|Creation of the Digital Terrain model(DTM)||1 Week||1 (digital archaeology specialist/3D data modelling)|
|Porting of the models in Unity 3 and reorganisation of the original database resources||8 weeks||1 (digital archaeology specialist/3D data modelling and optimisation)|
|Creation of camera animation in 3D Studio Max then imported in Unity 3||2 weeks||1 (digital archaeology specialist/3D data modelling)|
|Light mapping, scene editing, and rendering effects in Unity 3||3 weeks||1 (computer scientist)|
|Software development in Unity 3||4 weeks||1 (digital archaeology specialist/3D data modelling)|
The main differences between the two projects rely on the infrastructures, as well as on lighting and rendering effects, which considerably affected the final visual outcome of the reconstructed landscape and architecture. Considerable improvements in real-time rendering were achieved in the new application compared to the 2008 experience. In this new application the use of 'Lightmapping' calculation and Colour Correction Image Effect (provided in the new graphics engine) gave rich colour tones to the virtual environment, thereby creating a more evocative atmosphere. Users can interact with the reconstructed environment using simple and natural gestures of the body. Here the use of mid-air, gesture-based, interaction allowed this project to overcome the limitations of the traditional input interfaces and devices based on the WIMP (Windows, Icons, Menus and Pointing devices) paradigm, where the visitors struggle with interfaces that are not immediate and simple to use for all users, such as a mouse, joystick, keyboard, or console. The Livia's Villa Reloaded gesture-based application was developed using Microsoft Kinect (Microsoft 2015) first generation, which does not require the user to wear any marker or need expensive licences to operate (Pietroni et al. 2015, 502–503). The application, implemented using Unity 3D, allows the visitor to navigate (using the hotspots 'GO FORWARD' and 'STOP AND ROTATE') and interact with the system via a main menu (hotspot 'MENU') that allows users to select both language (Italian or English) and scenarios:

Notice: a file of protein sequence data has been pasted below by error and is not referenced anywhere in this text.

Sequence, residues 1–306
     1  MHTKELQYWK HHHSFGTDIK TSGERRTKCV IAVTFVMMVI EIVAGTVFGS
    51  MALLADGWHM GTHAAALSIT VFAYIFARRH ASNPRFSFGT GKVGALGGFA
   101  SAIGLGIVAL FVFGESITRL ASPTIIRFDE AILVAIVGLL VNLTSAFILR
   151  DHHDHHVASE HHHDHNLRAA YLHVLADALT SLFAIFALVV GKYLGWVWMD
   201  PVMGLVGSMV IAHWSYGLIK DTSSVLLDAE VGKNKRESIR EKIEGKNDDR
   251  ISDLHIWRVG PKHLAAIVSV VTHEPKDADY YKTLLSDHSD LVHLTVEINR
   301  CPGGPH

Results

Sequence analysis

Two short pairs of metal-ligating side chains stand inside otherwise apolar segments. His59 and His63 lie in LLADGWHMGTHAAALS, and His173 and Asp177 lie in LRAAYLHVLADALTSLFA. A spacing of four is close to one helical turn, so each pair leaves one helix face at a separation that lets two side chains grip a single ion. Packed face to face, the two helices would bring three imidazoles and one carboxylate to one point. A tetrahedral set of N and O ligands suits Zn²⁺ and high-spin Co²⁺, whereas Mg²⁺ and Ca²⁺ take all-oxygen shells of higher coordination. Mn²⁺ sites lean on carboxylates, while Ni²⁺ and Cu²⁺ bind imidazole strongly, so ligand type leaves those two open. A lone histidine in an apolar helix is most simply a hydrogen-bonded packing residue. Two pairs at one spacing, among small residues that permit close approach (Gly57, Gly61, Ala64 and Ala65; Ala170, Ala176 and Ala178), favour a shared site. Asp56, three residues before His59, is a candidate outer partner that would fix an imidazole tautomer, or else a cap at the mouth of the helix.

Livia's Villa Reloaded is a good example of both the re-use of datasets and the application of natural interaction as a new way of reconfiguring and reconsidering the boundaries between 'real' and 'virtual' worlds. Natural interaction can increase embodiment, thus enhancing communication between the public and all artificial entities present in the virtual space.
Internet Archaeology is an open access journal. Except where otherwise noted, content from this work may be used under the terms of the Creative Commons Attribution 3.0 (CC BY) Unported licence, which permits unrestricted use, distribution, and reproduction in any medium, provided that attribution to the author(s), the title of the work, the Internet Archaeology journal and the relevant URL/DOI are given.